The Purpose of the Survey

The purpose was to discover something about the music education of people who have made successful careers as contemporary musicians. Is music education even a factor in this success? Perhaps they are mostly self-taught. If not, can we discover aspects of that prior experience that contributed to their success?

In particular, does music education in school make a difference? Governments are faced with important issues around the implementation of the national curriculum in music. Given the emphasis on the economic contribution of the music industry, how important was a school music education in the careers of the most financially successful musicians.

To acquire information about the music education of people who have not been successful in music might also be interesting: avoid this educational path. But cause and effect would be even more difficult to establish.

Some Key Findings

The survey had 52 respondents.

  • Evidence presented confirms that respondents are indeed “successful” and the outcomes therefore describe characteristics of successful contemporary musicians.
  • In this particular sample, 61% both sing and play an instrument. Only 4% only sing.
  • 85% write songs. On the face of it, this then is important to success..
  • In this sample, 25% of respondents are female, consistent with the findings of the Census.
  • Pop and rock are the most strongly represented among a wide range of genres.
  • Remembering the “success” criterion: only 13% were aged 21-30 and none were younger. The most populated age cohort was 31-40, with another 50% aged 41 to 60. This is a little surprising given the media attention for young players but there is the possibility that the method of selecting invitees was a factor.
  • 90% had taken music lessons. Of those 64% had begun lessons by age 10 70% by age 12. Early instruction seems to be important.
  • Only half reported that their primary school had a good music program and the lowest percentage by far came in the youngest age group, which attended primary school in the period 1988 to 2002. This indirectly supports the observation abroad that primary school music has been declining.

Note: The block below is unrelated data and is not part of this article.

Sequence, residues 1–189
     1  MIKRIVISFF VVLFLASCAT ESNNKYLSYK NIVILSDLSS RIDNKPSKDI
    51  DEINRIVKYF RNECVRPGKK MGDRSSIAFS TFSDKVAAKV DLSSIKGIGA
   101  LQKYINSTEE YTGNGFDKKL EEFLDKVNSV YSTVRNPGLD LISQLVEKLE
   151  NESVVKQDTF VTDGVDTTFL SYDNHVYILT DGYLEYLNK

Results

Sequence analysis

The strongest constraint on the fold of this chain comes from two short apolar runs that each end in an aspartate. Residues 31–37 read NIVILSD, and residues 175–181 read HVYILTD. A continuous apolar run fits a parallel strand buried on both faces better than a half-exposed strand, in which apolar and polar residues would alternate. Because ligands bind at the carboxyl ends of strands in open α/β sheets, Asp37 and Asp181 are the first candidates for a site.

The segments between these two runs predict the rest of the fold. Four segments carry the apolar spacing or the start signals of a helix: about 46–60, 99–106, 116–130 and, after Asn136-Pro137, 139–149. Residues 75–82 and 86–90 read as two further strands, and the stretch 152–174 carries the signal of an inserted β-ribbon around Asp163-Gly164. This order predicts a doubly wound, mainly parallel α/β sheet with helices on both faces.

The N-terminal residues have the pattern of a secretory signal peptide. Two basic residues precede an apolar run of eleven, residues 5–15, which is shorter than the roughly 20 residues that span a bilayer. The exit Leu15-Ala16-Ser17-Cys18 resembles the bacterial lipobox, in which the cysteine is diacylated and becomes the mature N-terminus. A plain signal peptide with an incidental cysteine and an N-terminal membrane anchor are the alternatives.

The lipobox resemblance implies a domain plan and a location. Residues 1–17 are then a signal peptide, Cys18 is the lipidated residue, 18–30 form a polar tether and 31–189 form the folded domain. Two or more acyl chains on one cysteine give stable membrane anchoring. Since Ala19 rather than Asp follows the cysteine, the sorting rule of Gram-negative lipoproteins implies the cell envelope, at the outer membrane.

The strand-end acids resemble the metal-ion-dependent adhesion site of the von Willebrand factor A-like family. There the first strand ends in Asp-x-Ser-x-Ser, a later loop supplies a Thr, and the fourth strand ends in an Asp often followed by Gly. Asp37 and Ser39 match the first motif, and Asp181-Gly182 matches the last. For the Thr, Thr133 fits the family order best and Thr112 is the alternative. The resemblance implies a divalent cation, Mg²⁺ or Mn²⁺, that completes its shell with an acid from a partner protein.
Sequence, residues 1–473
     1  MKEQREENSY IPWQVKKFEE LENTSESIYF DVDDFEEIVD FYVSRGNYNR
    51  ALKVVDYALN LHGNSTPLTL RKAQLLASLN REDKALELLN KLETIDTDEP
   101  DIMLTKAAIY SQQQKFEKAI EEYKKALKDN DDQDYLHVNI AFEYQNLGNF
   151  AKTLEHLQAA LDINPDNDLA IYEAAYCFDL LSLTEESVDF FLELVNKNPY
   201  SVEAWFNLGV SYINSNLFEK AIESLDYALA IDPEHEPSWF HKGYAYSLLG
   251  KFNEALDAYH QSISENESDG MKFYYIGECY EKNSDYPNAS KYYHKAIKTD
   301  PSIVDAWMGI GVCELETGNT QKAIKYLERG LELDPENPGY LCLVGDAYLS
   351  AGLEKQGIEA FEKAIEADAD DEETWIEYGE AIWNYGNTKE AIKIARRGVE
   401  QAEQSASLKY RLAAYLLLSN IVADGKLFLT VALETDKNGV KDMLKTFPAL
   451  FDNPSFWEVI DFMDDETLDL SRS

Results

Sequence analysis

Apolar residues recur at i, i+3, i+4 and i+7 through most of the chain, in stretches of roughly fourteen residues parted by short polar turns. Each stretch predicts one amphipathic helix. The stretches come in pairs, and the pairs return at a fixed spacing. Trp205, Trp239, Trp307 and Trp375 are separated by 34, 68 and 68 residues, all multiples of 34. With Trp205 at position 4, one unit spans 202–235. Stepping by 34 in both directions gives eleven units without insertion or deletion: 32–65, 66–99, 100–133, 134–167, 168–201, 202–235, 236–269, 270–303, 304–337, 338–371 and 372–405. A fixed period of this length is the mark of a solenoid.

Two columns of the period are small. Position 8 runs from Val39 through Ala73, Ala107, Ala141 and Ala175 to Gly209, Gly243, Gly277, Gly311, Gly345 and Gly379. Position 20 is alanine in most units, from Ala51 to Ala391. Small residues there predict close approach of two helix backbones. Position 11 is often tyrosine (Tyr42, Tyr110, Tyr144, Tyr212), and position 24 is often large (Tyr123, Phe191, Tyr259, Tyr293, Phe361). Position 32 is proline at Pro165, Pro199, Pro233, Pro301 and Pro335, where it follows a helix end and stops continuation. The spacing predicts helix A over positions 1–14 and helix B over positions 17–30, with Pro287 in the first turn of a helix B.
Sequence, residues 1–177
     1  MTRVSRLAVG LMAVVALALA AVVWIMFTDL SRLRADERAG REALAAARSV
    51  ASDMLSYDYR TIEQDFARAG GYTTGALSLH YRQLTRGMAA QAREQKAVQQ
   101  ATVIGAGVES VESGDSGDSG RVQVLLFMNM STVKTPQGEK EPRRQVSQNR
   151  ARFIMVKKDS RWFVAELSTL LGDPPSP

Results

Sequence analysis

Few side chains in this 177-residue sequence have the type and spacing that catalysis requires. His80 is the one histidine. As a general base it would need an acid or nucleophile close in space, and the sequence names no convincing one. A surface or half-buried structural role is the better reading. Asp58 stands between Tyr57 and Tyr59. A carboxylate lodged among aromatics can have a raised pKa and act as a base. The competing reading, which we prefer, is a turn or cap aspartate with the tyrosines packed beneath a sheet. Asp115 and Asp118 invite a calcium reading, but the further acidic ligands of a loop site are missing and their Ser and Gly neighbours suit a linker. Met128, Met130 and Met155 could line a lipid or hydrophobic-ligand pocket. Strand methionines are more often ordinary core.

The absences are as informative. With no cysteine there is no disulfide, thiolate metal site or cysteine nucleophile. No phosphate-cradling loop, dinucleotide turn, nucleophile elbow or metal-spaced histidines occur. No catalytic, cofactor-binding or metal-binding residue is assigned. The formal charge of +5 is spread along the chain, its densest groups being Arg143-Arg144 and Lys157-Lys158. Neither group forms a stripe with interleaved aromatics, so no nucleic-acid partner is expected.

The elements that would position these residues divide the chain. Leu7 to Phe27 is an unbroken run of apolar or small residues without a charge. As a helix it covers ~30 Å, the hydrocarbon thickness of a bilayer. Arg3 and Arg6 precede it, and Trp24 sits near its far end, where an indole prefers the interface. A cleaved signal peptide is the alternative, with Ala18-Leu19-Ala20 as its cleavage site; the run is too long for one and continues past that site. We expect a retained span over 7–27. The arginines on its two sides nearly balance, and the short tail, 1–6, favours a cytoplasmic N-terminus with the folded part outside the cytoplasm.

• 73% said that their secondary school had a good music program. The 31-40 year-old cohort was the most united in a positive assessment (88%); it would have attended secondary school around 1985 to 1999. Most of these contemporary music people enjoyed their high school experience performing in choirs, bands and orchestras, but a few complained about the absence of contemporary music.
  • 25 of the 52 studied at a tertiary institution and 21 took qualifications. They hold 11 postgraduate degrees among them.
  • 19 had won ARIA or other major awards. Of those, 14 had a good secondary school music experience but 12 had no tertiary qualification. 16 had platinum or gold recordings and again, 12 of those had no tertiary qualification.
  • 51 answered a question asking for ‘the most significant things in your music education’. The top ranking factors were inspiring teachers — both private instrumental teachers and secondary school teachers, supportive parents, performing in groups, being self-taught.

Discussion of Some Issues of Significance

We need to keep in mind that those surveyed are only a small sample of the thousands of contemporary musicians in Australia. However, more than half gave evidence of exceptional success and we might have more confidence that the sample is representative of successful musicians.